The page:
“As the Trump administration has walked back longstanding bipartisan US policy by refusing to back the two-state solution, Prime Minister Netanyahu made clear once again yesterday that his government has no intention of ever allowing the creation of a Palestinian state in the West Bank. In a speech clearly designed to pander to his base in the far-right settlement movement, the prime minister showed that he is committed solely to his own short-term political survival – at the expense of the national interests of his country. It is no accident that the prime minister’s open rejection of the two-state solution has grown bolder since President Trump took office. By refusing to support two states or to seriously oppose settlement expansion, the Trump administration has given the Israeli government the green light to entrench the occupation and avoid meaningful negotiations. It is empowering the most extreme voices and positions on both sides.”
Trump Is Wasting His Envoys’ Time, Haaretz
The editorial board writes, “Anyone who follows Netanyahu’s declarations can discern that even he has stopped believing in Trump’s commitment to a political agreement. Otherwise he wouldn’t have allowed himself to express his hawkish views on the Palestinian issue as he did at a rally two weeks ago, at which he declared his opposition to a Palestinian state and to any withdrawal from the West Bank. If Trump is indeed interested in advancing ‘the ultimate deal’ or a ‘peace deal’ in the Middle East, as he claimed immediately upon being elected, he must back this declaration of intent with real demands from both sides and with a public presentation of an outline agreement, including a map. Meanwhile, the U.S. administration hasn’t even expressed public support for a settlement freeze. Trump has been president for less than a year, but the conflict is old, as is the peace ‘process.’ The time for processes is over. It’s time to act. If Trump isn’t capable of doing so, he shouldn’t waste his envoys’ time.”
White House unfazed by Netanyahu pledge not to evacuate settlements, Times of Israel
Prime Minister Netanyahu’s vow to not evacuate any further Israeli settlements in the West Bank ruffled few feathers in Washington on Tuesday, with the White House saying it would not derail efforts to restart the moribund Israeli-Palestinian peace process. “It is no secret what each side’s position is on this issue,” a senior White House official told The Times of Israel on Tuesday. “Our focus is on continuing our conversations with both parties and regional leaders to work towards facilitating a deal that factors in all substantive issues.”
Sarah Wildman writes, “Netanyahu’s comments run counter to decades of stated US policy calling for some settlements to be evacuated as part of a peace deal with the Palestinians. Under previous US administrations, Netanyahu would have been rebuked. By contrast, a Trump administration spokesperson, speaking on condition of anonymity, said only, ‘It is no secret what each side’s position is on this issue.’ And that makes sense, because it is Trump’s own comments on the Middle East, and his skepticism about the need for a two-state solution, that may have led Netanyahu to believe he could speak and act with impunity….For many critics of the administration, a US refusal to ‘bias’ an outcome of peace talks was read as, in fact, biasing the talks — by seeming to endorse Israel’s continued presence in the West Bank. The problem for critics of both the American and Israeli administrations is that there’s no reason to believe that Trump would pressure a close ally like Netanyahu to do something the Israeli leader clearly doesn’t want to do.”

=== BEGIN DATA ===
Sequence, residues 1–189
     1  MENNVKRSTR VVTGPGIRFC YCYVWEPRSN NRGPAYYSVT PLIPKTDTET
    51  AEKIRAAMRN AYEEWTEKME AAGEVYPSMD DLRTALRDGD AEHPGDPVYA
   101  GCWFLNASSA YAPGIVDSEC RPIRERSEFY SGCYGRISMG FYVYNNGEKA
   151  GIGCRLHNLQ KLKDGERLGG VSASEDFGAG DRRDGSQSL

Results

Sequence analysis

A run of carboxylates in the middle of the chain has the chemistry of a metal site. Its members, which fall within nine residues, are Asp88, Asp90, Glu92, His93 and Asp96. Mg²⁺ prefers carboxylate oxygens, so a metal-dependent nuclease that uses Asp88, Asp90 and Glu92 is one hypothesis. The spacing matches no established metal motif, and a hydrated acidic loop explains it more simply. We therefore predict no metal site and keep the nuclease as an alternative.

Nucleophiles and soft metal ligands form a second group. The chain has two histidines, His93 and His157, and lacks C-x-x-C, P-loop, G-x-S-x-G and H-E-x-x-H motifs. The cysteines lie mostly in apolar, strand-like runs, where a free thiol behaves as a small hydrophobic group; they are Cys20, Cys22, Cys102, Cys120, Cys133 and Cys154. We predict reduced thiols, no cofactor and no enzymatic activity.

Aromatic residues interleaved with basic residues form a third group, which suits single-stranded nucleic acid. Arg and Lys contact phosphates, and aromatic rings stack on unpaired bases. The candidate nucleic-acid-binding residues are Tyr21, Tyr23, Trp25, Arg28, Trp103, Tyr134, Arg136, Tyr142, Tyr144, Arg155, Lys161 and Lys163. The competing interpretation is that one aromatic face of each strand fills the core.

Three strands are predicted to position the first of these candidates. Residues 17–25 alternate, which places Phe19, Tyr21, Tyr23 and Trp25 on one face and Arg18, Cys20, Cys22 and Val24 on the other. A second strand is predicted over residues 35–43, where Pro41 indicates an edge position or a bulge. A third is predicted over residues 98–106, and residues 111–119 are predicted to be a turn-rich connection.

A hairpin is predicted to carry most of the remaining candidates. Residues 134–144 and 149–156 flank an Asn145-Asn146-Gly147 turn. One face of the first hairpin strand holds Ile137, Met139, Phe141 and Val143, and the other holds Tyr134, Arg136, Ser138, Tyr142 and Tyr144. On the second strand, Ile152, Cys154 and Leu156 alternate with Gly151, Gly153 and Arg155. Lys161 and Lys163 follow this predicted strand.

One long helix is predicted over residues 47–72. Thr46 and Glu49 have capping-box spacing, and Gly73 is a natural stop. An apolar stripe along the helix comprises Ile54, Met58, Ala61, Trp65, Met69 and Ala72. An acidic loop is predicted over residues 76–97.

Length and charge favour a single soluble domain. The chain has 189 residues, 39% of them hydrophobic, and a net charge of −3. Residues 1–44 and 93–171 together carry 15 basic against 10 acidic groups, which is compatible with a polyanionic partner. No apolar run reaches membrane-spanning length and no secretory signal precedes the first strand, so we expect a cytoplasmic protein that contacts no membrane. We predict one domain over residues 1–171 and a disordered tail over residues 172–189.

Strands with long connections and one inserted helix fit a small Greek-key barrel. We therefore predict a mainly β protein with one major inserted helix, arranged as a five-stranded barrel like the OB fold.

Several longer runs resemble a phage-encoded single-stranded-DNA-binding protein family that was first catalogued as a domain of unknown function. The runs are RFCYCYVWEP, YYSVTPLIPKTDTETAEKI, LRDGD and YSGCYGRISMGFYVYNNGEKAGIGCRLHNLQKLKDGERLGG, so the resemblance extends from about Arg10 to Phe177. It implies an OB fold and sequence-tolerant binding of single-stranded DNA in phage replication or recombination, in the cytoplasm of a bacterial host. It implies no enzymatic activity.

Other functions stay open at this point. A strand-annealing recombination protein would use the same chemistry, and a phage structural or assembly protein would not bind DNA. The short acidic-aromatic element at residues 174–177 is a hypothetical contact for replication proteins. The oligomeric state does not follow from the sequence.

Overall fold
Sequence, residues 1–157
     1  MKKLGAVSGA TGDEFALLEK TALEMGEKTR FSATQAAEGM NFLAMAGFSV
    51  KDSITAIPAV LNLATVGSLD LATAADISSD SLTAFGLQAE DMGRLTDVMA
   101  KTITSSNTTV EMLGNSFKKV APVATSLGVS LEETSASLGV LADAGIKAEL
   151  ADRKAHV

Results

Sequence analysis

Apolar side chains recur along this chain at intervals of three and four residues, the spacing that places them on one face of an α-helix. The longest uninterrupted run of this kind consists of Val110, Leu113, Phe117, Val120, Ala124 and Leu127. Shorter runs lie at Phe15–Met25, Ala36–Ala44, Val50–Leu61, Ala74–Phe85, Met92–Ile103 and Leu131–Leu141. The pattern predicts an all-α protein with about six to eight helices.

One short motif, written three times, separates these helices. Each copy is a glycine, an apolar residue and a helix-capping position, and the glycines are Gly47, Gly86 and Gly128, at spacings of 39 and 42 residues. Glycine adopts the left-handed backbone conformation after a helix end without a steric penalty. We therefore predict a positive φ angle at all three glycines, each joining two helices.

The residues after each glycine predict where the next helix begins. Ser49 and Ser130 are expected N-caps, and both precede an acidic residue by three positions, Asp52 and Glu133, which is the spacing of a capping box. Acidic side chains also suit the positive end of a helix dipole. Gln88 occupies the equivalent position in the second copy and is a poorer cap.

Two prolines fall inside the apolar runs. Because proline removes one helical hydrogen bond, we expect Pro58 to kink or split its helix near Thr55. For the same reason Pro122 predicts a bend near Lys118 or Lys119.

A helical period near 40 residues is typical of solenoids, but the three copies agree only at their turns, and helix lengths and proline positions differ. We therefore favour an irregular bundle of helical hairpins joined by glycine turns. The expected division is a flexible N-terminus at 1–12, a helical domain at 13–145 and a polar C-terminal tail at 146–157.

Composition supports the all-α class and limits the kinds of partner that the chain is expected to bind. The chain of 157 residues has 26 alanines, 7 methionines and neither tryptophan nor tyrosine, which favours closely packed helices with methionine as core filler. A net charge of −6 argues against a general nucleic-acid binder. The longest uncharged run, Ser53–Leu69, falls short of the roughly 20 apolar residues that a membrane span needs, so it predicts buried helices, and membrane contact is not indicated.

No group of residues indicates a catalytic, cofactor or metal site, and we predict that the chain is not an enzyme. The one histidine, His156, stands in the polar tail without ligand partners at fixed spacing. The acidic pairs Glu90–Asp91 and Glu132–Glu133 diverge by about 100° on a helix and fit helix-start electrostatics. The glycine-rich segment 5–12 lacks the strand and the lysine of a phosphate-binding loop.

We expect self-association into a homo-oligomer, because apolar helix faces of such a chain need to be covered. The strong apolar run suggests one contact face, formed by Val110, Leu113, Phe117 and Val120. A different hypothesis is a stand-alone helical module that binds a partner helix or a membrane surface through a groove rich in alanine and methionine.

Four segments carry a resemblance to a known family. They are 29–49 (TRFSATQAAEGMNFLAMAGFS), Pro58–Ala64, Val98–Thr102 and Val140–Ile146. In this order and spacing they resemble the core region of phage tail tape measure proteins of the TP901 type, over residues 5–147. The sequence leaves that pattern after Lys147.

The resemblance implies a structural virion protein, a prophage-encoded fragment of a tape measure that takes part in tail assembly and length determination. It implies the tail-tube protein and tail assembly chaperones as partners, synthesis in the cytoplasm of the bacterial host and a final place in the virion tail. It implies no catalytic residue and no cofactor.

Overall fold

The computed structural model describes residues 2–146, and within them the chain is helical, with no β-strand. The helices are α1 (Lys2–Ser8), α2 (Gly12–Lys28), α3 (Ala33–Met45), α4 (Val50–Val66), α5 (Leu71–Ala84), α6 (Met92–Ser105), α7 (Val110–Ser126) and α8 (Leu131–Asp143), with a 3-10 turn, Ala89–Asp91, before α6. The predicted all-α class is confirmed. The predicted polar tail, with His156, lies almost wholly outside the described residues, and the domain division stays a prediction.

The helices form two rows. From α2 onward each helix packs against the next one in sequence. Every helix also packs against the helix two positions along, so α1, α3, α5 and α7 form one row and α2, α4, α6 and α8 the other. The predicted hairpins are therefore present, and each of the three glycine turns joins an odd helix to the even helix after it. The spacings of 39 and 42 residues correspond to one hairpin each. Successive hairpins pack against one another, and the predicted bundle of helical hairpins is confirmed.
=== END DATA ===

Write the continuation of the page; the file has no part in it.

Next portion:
United Nations Secretary-General Antonio Guterres lashed out at Israel’s settlement activity in the Palestinian Territories on Tuesday, calling it a “major obstacle” to achieving a two-state solution and peace with the Palestinians. “There is no plan B to the two-state solution,” Guterres said after meeting Palestinian Prime Minister Rami Hamdallah in the West Bank city of Ramallah. “A two-state solution, end to occupation, creating conditions to end the suffering of the Palestinian people are the only way to guarantee that peace is established,” he added.
French President Emmanuel Macron will travel to the Middle East next spring, in a trip including Israel and the Palestinian territories, to help the peace process in the region and promote a two-state solution. “We will continue our efforts with the United Nations to find a two-state solution, Israel and Palestine, living safely side-by-side within borders recognised by the international community, with Jerusalem at the capital of both states,” he told a gathering of French ambassadors. Besides Israel and the Palestinian territories, Macron said the trip will include Lebanon and Jordan.